The Chinese influence on Hollywood box office

by on April 21, 2017 at 1:52 am in Economics, Film, Law | Permalink

Two years later, the quota of imported movies permitted into China was raised to 34 from 20 in a deal negotiated between then-Vice President Joe Biden and then-Vice President Xi. The deal all but guaranteed that most big-budget Hollywood features—except those with content deemed objectionable—would be shown in China.

“I prefer to watch Hollywood films because the chance of a domestic film being crappy is much bigger than a Hollywood film,” said Liu Jing, a 25-year-old postgraduate student studying finance policy in Beijing.

Ms. Jing said she became a fan of superhero films from Marvel Studios as a high-school student and now goes to movie theaters at least once a month.

Hollywood executives can rattle off the rules for getting a movie approved by Chinese censors: no sex (too unseemly); no ghosts (too spiritual). Among 10 prohibited plot elements are “disrupts the social order” and “jeopardizes social morality.” Time travel is frowned upon because of its premise that individuals can change history.

U.S. filmmakers sometimes anticipate Chinese censors and alter movies before their release. The Oscar-winning alien-invasion drama “Arrival” was edited to make a Chinese general appear less antagonistic before the film’s debut in China this year.

The superhero hit “Logan” was 14 minutes shorter in China after Chinese censors cut scenes of beheading and impalement.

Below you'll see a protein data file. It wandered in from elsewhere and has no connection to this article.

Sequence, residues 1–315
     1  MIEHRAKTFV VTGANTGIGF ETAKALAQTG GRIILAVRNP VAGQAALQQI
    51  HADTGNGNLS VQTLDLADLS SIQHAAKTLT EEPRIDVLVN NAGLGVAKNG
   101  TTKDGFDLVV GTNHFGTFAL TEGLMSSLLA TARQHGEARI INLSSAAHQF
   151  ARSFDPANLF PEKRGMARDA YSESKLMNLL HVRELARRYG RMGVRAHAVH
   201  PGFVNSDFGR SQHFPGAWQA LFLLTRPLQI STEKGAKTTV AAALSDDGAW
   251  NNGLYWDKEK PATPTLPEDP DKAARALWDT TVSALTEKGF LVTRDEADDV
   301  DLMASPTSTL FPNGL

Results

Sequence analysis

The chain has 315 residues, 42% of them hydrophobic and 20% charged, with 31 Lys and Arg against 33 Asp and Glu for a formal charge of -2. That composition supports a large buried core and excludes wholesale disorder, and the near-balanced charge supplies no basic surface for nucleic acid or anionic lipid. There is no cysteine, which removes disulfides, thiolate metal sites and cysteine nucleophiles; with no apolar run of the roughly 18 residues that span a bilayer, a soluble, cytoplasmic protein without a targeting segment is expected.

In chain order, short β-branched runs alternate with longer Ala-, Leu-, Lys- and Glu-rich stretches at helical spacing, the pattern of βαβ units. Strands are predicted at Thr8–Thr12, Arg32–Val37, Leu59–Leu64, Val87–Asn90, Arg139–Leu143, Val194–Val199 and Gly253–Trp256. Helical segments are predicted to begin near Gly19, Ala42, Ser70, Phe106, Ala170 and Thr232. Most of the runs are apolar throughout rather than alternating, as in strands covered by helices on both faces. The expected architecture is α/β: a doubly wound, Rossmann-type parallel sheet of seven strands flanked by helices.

For “Passengers,” the space adventure starring Chris Pratt and Jennifer Lawrence, a scene showing Mr. Pratt’s bare backside was removed, and a scene of Mr. Pratt chatting in Mandarin with a robot bartender was added.

Here is the full Eric Schwartzel WSJ piece.

1 vinny t April 21, 2017 at 2:12 am

does this explain avatar 2 3 4 5

2 Doug April 21, 2017 at 2:18 am

So, does this qualify as a negative externality on Western moviegoers or not? Show your work.

3 dan1111 April 21, 2017 at 3:45 am

The increased revenue from Chinese audiences is probably a net benefit for Western moviegoers.

Some might claim it is evidence of a Hollywood decline, but most big budget movies have been crappy throughout history. That may still be true, but standards are higher now than ever before. Just try to sit through one of the forgotten top-grossing movies from the 1960s or 1980s.

4 Ricardo April 21, 2017 at 9:53 am

Look at the list of top grossing films of the 60s and 80s: most of them are instantly recognizeable classics and generally well-regarded by critics.

5 bob April 21, 2017 at 12:34 pm

+1

6 collin April 21, 2017 at 4:16 pm

C’mon we only remember the good ones….Especially the 1960s were some real duds out there.

Look 1963, in the top ten was Dr. No, The Birds, Tom Jones and for some audience, It’s A Mad Mad World. Irma la Douce was fine but not great.